HR saves careers. I recognize that as a group HR likes to perceive of its power as being something on the strategic level. That 35,000 feet point of view where one HR decision has a multi-million dollar impact. But sometimes it’s just a one-person-at-a-time proposition. HR is often in the best position of noticing a place where passion is bleeding out of the organization, often in the form of a single employee who is at risk. In one of my all-time favorite interviews of the summer, the regional HR manager of a major retailer (you’d recognize the name) told me of a cherished employee who was announcing that she was quitting to go to nursing school. Well, okay, education is a good thing, but something just wasn’t quite right. She loved working for this company, that much he knew. So why quit? Something else was going on. Sure enough. It wasn’t nursing school that she was running to. It was a reassignment that she was running from. Her manager had made the decision to move her away from a department she loved to a department that she had absolutely zero interest in. She opted not to protest because she really liked her manager and didn’t want to get him in trouble. So she opted to quit the whole shebang instead. My HR interviewee, luckily for everyone concerned, had the boots-to-ground point of view to recognize that there was more to this story than just a resignation announcement. Long story short: Happy ending all around. (And, I’m sure, that fresh nursing school opening was filled by a student who genuinely feels called to the healing sciences.)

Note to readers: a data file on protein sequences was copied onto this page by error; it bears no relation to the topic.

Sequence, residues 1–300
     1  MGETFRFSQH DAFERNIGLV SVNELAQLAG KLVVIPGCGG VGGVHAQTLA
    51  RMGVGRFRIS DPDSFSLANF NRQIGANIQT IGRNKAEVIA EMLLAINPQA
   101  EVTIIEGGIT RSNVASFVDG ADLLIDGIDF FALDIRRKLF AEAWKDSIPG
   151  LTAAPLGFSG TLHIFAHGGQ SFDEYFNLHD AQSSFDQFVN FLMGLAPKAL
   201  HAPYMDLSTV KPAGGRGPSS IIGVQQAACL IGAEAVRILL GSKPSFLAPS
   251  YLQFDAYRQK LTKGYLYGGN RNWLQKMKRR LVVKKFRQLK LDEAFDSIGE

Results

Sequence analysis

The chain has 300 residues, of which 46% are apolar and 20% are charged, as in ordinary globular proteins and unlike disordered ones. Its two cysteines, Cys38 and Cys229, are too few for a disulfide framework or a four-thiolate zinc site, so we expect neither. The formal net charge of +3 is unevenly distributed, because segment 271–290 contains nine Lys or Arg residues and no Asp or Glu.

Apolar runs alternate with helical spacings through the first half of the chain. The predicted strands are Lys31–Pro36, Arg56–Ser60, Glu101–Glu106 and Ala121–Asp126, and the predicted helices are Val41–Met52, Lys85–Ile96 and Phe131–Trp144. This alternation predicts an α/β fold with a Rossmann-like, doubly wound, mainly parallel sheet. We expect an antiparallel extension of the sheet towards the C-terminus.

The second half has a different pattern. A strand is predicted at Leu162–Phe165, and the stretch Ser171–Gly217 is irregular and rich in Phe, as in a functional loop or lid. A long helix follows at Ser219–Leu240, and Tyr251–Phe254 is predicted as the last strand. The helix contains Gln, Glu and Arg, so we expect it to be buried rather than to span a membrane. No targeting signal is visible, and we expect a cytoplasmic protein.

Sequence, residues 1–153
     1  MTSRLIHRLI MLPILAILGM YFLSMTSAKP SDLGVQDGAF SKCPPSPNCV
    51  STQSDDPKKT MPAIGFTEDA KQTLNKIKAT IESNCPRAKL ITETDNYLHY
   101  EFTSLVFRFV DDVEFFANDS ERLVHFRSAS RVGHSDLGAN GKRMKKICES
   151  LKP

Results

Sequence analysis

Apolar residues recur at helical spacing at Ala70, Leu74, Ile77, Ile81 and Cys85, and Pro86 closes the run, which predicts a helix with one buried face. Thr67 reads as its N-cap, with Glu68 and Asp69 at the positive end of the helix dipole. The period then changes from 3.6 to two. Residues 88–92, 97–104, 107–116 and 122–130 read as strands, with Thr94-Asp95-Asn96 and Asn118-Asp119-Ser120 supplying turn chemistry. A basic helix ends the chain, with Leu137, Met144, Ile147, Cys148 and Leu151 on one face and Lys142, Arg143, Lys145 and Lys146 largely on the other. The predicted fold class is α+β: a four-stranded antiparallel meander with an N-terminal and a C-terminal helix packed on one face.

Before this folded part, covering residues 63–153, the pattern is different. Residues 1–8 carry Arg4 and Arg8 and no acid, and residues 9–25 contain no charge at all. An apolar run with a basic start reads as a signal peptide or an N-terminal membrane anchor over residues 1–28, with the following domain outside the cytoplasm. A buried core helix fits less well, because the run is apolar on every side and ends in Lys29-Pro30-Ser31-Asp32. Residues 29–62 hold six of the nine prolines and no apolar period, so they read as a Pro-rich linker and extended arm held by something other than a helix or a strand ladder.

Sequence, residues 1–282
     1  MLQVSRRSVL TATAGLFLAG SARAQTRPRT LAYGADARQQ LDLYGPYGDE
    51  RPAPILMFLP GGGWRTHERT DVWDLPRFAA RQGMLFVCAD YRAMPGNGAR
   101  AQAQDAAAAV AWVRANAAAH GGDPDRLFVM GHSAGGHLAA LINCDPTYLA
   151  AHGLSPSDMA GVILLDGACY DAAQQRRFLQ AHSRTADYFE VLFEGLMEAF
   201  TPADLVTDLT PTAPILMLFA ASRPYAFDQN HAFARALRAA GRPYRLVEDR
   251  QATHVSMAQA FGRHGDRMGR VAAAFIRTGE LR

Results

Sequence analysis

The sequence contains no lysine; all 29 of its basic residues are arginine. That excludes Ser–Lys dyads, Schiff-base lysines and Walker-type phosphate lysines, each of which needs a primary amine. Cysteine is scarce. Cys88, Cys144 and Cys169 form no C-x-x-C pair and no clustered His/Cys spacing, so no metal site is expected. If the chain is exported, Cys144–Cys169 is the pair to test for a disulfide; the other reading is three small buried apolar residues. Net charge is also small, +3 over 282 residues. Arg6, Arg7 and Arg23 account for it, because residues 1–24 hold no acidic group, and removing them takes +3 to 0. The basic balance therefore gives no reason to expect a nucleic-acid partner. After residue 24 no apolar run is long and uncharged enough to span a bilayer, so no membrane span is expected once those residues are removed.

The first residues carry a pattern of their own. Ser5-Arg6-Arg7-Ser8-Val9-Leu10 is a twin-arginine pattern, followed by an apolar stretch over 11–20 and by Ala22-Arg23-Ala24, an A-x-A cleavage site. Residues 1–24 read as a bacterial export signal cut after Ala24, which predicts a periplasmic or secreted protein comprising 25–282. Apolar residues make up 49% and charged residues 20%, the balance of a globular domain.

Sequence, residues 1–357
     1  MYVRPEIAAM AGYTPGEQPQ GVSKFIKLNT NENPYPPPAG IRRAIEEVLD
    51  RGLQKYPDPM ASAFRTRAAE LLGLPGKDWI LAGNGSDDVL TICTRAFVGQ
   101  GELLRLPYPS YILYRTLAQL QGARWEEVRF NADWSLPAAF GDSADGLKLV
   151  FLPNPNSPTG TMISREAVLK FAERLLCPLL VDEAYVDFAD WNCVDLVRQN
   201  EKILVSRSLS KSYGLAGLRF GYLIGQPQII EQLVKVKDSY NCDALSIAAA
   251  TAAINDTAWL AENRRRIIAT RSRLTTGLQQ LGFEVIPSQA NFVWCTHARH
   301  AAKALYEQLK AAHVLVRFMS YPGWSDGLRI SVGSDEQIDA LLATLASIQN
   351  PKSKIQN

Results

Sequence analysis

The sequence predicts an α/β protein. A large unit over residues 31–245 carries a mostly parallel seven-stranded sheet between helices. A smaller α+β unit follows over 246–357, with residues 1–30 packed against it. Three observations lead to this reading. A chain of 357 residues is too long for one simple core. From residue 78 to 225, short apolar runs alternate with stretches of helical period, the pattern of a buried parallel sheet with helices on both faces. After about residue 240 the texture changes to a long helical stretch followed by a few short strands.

HR promotes innovation. Those who dismiss HR as being the in-house compliance police have overlooked the immense amount of creativity required to run the people side of great business. I’ve heard people say that HR is the place where all dreams go to die. After a little digging I discover that their experience has been in fact where all stupid dreams go to die. Or all illegal dreams go to die. So in my speeches and workshops I always recommend to my HR listeners to make their offices “destination yes,” where leaders can come with half-baked (or half-something else) ideas and collaborate with HR to find a way to achieve the desired result in a way that doesn’t have the SEC or EEO come sniffing after them. When you hear of a company that has managed to survive a downshift in the economy without a single layoff, I promise you, HR is behind that story somewhere.